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Google Biking Directions

The online cycling community is buzzing today about the addition of bicycle directions on google maps.  It’s been in development for a long time & I’m glad it’s finally available.  Google cautions that it’s still in beta testing.  I thought I would give it a shot.

The first thing that stood out to me was that google doesn’t have the most up-to-date info about the Twin Cities bicycle network.  There are several significant trails that aren’t on the map: the  Northeast Diagonal trail in Minneapolis; the trail along County Road C in Roseville; the Hiawatha LRT Trail from the Greenway into downtown.  The network is missing a lot of the pedestrian bridges over freeways and railroad tracks: the Sabo Bridge along the greenway; the Cedar Lake Road bridge over the railroad tracks.  In addition, Google is using pretty dated info about the downtown cycling network: the now nonexistant bike lanes on 2nd, Marquette, and Hennepin Avenues are still in the database, but the new bicycle lanes on N 1st Avenue aren’t.  Also, a couple pretty surprising routes were identified as cycling routes: TH-55 north of E 28th Street in Minneapolis into downtown is identified as having bicycle lanes, which it doesn’t.

I put Google to the test by having it give me directions for my daily bicycle commute to work.  This is what it gave me:

Google smartly identified the Midtown Greenway as my best option for the first half of my commute, but I wasn’t very fond of the second half of the route Google identified for me.  Google recommends I zig-zag through some local streets and then ride along the TH-100 frontage road to get across the railroad tracks – a very unattractive route.  It chose this route primarily because of the missing pedestrian bridge over the railroad tracks at Cedar Lake Road.  Had the Google database included this bridge, I expect it would have recommended it to me.

This highlights an important urban planning principle: Our cities are full of barriers that cyclists and pedestrians have to figure out how to cross (or go around).  In my case, I have to figure out how to cross the railroad tracks, but other common barriers include freeways or other large roadways, rivers, or lakes.  Removing a single barrier crossing has significant impacts on cyclists and pedestrians.

One of the biggest benefits of riding a bicycle is that bicycles can safely do things that cars can’t.  Many of these things are difficult to incorporate into a formal mapping program, usually because they are too small for someone without detailed local knowledge to identify.  For example, my daily commute involves walking my bicycle over a set of railroad tracks.  Technically, of course, this is illegal, but there is a well-worn path across the tracks because local cyclists and pedestrians all know that it’s a good place to cross.  There are probably legal implications if Google Maps incorporated an illegal pathway into the network – no matter how well used.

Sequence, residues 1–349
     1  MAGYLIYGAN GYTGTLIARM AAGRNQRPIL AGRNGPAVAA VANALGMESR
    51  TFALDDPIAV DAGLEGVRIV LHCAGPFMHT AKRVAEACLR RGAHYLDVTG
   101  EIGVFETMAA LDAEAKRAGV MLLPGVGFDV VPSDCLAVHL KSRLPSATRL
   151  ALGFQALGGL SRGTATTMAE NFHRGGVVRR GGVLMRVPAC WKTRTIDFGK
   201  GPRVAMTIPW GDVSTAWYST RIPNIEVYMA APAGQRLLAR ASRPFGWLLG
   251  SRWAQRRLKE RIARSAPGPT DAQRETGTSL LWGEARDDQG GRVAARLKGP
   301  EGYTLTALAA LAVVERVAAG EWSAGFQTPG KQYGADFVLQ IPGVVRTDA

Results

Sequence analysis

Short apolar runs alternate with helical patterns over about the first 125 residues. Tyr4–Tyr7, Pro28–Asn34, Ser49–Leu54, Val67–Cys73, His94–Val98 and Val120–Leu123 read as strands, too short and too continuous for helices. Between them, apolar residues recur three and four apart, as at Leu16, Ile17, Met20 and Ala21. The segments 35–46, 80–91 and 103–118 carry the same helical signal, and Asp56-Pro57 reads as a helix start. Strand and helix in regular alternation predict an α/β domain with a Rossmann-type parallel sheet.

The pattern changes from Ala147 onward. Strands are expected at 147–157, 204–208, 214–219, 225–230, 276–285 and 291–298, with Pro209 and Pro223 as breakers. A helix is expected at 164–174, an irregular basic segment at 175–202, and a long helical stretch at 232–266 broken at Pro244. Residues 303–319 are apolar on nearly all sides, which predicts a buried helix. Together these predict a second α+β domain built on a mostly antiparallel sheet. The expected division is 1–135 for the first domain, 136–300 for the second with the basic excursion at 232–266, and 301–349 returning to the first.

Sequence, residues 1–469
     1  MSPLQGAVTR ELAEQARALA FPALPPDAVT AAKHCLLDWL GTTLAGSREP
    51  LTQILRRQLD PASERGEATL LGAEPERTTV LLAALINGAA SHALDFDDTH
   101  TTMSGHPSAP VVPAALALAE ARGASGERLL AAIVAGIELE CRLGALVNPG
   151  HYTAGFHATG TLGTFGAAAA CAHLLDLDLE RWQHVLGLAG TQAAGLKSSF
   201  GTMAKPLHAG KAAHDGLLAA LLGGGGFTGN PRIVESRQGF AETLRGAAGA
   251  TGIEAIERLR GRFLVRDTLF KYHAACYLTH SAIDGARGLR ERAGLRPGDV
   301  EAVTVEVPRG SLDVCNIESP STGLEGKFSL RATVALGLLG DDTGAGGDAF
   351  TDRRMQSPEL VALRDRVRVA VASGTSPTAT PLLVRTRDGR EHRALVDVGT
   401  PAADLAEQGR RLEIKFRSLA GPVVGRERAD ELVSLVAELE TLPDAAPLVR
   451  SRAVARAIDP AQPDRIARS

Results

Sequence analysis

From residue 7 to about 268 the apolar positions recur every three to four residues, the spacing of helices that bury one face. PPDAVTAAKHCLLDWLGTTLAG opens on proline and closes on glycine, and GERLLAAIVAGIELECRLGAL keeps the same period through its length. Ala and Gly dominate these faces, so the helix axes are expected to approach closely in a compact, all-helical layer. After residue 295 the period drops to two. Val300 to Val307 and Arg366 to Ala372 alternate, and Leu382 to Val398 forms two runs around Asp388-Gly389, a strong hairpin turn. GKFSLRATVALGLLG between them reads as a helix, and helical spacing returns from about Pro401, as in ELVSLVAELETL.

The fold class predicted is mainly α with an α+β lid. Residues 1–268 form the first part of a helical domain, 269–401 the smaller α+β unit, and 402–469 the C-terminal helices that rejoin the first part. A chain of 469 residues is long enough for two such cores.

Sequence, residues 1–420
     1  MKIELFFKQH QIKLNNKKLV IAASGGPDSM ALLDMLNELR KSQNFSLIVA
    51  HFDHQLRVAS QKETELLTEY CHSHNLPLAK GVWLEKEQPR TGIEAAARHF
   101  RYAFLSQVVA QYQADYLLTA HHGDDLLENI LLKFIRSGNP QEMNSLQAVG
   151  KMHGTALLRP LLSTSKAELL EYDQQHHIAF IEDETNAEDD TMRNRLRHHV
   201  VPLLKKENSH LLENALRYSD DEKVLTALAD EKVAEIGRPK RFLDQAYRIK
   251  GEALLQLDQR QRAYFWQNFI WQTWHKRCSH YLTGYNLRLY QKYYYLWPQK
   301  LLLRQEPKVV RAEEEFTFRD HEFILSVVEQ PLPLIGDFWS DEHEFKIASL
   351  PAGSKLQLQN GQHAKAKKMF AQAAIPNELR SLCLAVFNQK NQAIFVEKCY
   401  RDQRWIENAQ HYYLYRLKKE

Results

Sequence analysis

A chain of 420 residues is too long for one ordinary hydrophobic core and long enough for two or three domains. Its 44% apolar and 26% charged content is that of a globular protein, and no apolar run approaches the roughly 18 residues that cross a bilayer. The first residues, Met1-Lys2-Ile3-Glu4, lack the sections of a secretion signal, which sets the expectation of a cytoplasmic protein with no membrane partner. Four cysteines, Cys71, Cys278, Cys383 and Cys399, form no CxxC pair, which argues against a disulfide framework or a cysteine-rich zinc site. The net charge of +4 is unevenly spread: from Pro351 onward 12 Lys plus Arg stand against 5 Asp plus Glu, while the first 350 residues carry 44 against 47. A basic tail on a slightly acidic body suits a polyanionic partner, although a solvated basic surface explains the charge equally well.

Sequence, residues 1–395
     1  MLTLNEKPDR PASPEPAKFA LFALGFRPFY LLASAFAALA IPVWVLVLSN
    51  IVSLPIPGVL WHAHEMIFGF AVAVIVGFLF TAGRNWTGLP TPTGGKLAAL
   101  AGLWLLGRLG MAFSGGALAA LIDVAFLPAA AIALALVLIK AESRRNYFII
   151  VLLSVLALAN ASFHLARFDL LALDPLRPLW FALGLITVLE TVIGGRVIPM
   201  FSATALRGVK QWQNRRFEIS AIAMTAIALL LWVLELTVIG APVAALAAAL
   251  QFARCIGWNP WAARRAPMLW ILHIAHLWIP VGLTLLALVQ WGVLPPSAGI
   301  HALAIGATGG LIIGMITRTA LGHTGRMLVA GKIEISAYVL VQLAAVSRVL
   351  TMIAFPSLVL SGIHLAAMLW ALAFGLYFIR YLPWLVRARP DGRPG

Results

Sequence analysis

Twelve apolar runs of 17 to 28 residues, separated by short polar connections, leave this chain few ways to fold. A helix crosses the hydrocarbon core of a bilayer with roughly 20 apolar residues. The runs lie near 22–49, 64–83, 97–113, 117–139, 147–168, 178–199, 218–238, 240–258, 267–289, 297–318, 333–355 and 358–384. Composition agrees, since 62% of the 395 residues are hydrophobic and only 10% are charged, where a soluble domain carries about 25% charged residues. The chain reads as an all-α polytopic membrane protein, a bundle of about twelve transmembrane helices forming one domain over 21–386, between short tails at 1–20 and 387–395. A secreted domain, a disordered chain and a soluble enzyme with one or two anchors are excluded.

But not all of these movements are illegal, of course.  There are perfectly legitimate movements that a cyclist may take that may never be incorporated into the Google Mapping utility.  For example, maybe a cyclist is able to shave significant distance off their route if they cut through a parking lot, or ride on the sidewalk against traffic on a one-way street for a block, or ride through an empty lot.  There are a lot of ways that cyclists aren’t bound by the same network that governs where cars can drive.  The pedestrian and cyclist network is much more finely grained.

A local Twin Cities researcher, Reid Priedhorsky, has attempted to solve some of these problems by allowing users to create and modify the roadway and trail network with the geowiki Cyclopath.  Cyclopath also allows users to mark which routes are bicycle friendly, and which aren’t.  Cyclopath does a better job predicting my route than Google Maps, but it is primarily because it includes the key pedestrian bridge over the railroad tracks that isn’t yet in the Google network:

However, while one of the Cyclopath users (probably me) has identified (with text) the crossing where I typically walk my bike over the tracks, the illegal crossing is not formally in the Cyclopath network either.  And rightfully so, I suppose.  Professional utilities shouldn’t be encouraging illegal activity, no matter how benign.

At any rate, I’m looking forward to seeing future updates to the Google bicycle network.  It’s really a phenomenal utility that will help cyclists of all experience levels choose the best routes.  Google also says they have plans to allow local users to modify the bicycle network.

So give bicycle directions a shot.  Let me know your experiences in the comments below!

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